Community Research and Development Information Service - CORDIS

High-speed, low-noise digital-to-analogue converters

EU-funded scientists successfully designed a digital-to-analogue (DAC) converter that demonstrates low distortion at high output frequencies. Pure waveforms are particularly important for new-generation wireless communications systems, cable TV or radio frequency equipment that demand high data rates.
High-speed, low-noise digital-to-analogue converters
Integrated circuit devices are not ideal components, and DACs are no exception. Device noise and non-linearity do not allow the frequency domain of a pure analogue signal to have all power concentrated at the desired frequency. System architects refer to the spurious-free dynamic range (SFDR) to measure the ratio between the fundamental signal and the largest noise or harmonic distortion component.

Looking to increase DAC performance and reliability, scientists within HSDAC (A 16-bit, 2 giga -sample-per-second, digital-to-analog converter with 85 dB SFDR at Fout=400MHz) performed significant work on reducing SFDR at high frequencies. The target was to achieve an SFDR value of 85 dB, which was 9 dB above the best available DAC as of 2014. Keeping SFDR low ensures that the transmitter will not send spurious signals into neighbouring frequency bands that transverse through the air or cables.

Scientists used diverse techniques such as parasitic extraction, Monte Carlo and corner analysis to design a low-power 16-bit dual-channel DAC. By optimising transistor sizes, minimising switching circuitry sizes and reducing time delays of segmented current sources, they obtained SFDR values lower than 78 dB at 240 MHz. After increasing the signal sampling rate, thus obtaining 1.1 GHz output frequency, and pruning the clock tree, the team achieved 85 dB SFDR with low output swing. A double data rate interface and a digital filter with quantisation properties were also designed that were able to support 95 dB SFDR.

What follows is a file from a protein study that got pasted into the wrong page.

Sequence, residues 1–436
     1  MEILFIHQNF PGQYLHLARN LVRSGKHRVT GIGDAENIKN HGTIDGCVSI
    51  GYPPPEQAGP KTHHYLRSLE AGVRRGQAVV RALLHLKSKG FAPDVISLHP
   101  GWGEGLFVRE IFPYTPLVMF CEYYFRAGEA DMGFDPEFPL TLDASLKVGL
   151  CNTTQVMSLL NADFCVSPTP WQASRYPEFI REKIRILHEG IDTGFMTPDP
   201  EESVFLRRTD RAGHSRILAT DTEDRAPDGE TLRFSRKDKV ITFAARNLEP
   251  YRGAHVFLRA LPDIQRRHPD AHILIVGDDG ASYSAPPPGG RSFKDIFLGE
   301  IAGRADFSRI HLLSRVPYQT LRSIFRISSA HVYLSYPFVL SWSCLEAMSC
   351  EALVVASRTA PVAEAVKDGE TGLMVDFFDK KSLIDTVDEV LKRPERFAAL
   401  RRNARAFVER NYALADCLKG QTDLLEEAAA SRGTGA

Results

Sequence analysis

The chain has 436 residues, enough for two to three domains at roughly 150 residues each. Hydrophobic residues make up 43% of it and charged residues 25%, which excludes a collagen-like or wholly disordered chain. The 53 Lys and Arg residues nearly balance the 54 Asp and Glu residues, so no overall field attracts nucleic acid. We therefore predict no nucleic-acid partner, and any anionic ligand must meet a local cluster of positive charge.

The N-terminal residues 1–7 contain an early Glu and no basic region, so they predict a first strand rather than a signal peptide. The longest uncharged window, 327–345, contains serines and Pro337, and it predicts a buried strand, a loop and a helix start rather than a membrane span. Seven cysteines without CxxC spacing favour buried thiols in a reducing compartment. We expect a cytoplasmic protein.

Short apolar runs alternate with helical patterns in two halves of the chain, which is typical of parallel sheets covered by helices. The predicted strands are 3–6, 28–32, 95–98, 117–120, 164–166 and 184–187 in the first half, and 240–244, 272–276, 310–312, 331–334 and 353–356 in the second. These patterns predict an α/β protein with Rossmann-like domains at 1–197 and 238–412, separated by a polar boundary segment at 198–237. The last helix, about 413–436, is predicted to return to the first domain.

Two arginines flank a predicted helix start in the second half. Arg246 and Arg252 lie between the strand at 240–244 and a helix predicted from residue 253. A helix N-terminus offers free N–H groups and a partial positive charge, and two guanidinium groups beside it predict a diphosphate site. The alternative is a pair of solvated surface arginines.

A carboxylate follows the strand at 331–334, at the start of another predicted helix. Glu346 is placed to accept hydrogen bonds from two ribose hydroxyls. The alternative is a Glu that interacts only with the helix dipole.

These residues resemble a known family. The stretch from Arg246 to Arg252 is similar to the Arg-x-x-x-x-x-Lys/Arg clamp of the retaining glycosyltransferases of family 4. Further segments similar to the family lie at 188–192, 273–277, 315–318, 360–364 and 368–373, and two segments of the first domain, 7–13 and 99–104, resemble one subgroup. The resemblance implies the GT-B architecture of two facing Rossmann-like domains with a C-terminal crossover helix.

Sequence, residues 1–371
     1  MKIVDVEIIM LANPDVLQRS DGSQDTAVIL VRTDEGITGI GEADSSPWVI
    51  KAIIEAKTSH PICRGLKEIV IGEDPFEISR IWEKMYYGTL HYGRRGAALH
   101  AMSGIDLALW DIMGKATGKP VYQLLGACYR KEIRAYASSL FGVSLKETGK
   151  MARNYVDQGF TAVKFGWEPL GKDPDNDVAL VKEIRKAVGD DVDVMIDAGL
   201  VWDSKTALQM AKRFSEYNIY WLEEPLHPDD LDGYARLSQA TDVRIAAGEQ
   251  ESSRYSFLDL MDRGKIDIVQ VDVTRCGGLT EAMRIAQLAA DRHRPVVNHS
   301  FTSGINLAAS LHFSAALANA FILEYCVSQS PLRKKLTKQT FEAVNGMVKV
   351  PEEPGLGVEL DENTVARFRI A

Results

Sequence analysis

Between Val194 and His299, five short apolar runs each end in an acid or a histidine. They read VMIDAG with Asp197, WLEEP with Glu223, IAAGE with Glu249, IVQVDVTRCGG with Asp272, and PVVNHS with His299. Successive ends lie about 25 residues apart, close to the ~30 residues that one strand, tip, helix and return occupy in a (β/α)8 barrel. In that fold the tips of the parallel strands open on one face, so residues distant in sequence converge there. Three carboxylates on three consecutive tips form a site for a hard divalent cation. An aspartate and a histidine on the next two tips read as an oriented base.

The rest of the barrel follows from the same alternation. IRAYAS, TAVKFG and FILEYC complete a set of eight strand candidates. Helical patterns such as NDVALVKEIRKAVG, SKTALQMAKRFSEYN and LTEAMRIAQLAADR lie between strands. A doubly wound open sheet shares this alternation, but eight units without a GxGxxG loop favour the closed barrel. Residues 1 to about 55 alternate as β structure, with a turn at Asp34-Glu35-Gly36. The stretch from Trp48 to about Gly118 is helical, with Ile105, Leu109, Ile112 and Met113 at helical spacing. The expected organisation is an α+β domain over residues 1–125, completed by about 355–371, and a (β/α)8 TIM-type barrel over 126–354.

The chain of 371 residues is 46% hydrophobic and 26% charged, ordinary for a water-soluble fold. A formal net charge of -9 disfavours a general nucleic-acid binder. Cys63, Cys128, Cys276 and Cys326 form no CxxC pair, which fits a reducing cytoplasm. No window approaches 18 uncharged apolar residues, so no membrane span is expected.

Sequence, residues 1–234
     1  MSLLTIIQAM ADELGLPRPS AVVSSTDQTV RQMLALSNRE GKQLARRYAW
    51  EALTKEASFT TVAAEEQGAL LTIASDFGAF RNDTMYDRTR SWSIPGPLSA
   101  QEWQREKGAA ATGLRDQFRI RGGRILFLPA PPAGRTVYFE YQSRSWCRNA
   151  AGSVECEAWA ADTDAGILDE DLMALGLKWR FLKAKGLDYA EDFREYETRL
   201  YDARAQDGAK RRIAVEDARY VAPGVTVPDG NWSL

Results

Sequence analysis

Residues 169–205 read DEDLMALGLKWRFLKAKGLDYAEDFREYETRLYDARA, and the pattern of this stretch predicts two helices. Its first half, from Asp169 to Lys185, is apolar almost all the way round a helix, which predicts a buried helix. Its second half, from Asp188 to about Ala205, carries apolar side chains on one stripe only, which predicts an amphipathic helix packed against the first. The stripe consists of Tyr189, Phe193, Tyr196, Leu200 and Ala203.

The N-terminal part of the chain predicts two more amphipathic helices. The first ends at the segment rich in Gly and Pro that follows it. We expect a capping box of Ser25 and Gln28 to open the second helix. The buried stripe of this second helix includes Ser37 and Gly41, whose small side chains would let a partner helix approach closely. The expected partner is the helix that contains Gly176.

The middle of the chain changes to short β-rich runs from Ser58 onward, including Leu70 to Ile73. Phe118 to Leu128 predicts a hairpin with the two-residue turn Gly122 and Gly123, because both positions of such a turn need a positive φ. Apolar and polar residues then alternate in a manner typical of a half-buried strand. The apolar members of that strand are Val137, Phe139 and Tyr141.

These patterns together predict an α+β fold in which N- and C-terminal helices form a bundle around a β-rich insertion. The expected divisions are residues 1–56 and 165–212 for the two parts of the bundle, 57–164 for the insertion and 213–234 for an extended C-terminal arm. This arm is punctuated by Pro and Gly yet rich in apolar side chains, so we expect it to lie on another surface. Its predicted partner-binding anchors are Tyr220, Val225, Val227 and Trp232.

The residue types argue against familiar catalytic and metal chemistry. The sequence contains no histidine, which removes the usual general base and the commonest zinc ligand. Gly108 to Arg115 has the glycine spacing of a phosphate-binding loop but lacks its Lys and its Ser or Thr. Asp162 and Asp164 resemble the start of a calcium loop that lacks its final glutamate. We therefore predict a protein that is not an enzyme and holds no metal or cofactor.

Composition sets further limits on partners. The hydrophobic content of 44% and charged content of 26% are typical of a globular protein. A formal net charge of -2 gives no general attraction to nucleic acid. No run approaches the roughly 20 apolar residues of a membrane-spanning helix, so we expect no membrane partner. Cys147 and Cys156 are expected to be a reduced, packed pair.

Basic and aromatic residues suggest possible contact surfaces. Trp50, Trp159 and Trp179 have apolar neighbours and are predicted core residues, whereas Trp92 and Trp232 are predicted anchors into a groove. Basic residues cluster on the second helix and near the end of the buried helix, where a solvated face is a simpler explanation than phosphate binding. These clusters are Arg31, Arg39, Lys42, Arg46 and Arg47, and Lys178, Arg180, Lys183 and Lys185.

In addition to the first DAC that employed double cascode current sources, the project team designed another one with output current stemming from a folded cascode. Different approaches were adopted to minimise cross-talk noise. Further layout iterations are necessary to exceed 85 dB SFDR in post-layout simulations.

Generating more accurate waveforms at high frequencies requires identifying and understanding the DAC error mechanisms. HSDAC made a pioneering contribution, with results being posted in numerous publications.

Related information


Low-noise, digital-to-analogue converters, spurious-free dynamic range, high frequencies, error mechanisms
Follow us on: RSS Facebook Twitter YouTube Managed by the EU Publications Office Top